Stabler Qubits

The development of quantum computers is currently a major area of technological research, and most of that research is focused on making the heart of quantum computing — the quantum bit, or qubit — more stable. Now, a team from the University of Sussex might have figured out how to do this and in a way that would make quantum computers practical for use.

In a study published in the journal Physical Review Letters, the researchers detail how they think it's possible to develop large-scale quantum computers using a simpler method than the one currently in place, which uses individual laser beams projected onto individual ions to create trapped-ions (or charged atoms). Each ion, then, forms a qubit, the unit where data is stored and read in quantum computing, similar to the 1 or 0 bits used in conventional computing.

Credits: University of Sussex

This, however, requires billions of quantum bits with billions of lasers aligned to each equivalent ion. Instead of using lasers to align ions, the Sussex team applied voltages to a quantum computer chip to produce the same results with a reportedly low error rate.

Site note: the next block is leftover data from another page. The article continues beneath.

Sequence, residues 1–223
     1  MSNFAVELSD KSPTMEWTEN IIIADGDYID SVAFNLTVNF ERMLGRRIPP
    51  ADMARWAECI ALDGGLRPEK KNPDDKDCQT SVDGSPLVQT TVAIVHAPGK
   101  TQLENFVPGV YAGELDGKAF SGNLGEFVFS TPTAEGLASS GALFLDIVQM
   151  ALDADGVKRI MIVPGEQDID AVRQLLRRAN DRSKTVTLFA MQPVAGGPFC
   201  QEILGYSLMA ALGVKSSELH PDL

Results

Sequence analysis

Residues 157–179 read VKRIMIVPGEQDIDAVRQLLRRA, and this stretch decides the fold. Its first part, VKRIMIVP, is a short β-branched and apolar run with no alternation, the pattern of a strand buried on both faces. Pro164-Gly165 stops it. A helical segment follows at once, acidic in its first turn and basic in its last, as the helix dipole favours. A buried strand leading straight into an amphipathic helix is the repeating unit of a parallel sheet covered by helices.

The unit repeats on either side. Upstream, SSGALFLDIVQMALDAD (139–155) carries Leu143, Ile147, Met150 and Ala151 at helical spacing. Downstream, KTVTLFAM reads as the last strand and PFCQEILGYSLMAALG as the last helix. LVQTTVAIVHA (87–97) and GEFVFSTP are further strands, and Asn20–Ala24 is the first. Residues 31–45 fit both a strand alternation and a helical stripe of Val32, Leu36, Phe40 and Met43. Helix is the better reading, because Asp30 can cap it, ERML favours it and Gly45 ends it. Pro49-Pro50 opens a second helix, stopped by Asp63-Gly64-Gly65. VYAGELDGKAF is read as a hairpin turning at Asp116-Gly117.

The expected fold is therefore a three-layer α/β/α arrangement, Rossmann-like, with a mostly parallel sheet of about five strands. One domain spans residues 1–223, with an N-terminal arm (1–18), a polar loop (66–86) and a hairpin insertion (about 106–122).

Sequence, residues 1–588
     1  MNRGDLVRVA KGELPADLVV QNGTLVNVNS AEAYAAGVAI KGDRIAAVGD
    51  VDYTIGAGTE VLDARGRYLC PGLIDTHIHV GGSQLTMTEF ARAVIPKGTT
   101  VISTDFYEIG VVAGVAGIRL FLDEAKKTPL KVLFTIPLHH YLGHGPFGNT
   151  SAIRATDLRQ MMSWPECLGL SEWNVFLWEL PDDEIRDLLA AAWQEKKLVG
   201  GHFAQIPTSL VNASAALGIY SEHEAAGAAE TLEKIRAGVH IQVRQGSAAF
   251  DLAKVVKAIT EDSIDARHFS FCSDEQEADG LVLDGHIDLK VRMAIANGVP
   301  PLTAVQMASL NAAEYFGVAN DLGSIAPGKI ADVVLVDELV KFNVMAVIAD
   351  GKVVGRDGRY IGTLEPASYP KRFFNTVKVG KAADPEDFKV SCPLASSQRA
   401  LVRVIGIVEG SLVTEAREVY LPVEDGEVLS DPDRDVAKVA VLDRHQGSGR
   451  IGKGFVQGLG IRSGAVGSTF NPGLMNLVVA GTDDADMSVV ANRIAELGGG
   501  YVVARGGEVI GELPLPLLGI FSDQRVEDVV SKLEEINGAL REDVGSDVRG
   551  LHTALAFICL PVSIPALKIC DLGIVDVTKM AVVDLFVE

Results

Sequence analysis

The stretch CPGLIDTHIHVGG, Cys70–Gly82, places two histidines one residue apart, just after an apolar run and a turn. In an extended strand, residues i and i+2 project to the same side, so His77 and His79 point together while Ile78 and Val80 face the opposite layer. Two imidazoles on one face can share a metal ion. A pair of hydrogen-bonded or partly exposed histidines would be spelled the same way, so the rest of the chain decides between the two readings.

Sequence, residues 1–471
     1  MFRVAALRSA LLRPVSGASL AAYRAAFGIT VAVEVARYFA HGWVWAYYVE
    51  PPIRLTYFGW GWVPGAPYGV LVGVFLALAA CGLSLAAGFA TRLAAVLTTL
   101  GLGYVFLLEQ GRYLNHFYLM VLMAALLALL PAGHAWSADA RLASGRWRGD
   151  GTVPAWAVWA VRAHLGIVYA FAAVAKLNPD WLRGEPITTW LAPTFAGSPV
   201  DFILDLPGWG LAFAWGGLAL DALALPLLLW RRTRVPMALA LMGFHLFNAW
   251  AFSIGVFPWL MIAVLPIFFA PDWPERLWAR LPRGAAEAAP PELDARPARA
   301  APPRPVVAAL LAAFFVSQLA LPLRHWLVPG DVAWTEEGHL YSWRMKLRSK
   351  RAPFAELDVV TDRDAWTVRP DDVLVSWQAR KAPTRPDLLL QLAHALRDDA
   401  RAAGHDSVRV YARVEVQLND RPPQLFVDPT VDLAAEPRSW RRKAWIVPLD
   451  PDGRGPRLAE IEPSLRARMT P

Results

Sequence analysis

"This development is a game changer for quantum computing, making it accessible for industrial and government use," said lead researcher Winfried Hensinger in a press release. "We will construct a large-scale quantum computer at Sussex making full use of this exciting new technology."

The Future of Computing

D-Wave has already created quantum computers, and supposedly, Microsoft is moving into the engineering phase of its own quantum computer research and development. But existing quantum computers are hugely expensive and not practical, with almost absurd requirements for operation, so this development out of Sussex is highly welcomed.

Undoubtedly, quantum computers are the future of computing. They can efficiently perform tasks that would take even the most powerful supercomputers of today years to calculate. The processing power inherent in quantum computers make them the perfect tool for solving complex problems in science, medicine, and finance, and they will open up new possibilities for research in these areas and more.

In short, quantum computers will revolutionize society in perhaps the same way — or even more dramatically than — traditional computing did. Of course, it's one thing to have this model working in a laboratory and another to actually have one that is ready for public use. Nevertheless, we may indeed by getting closer to making one thanks to this new development.

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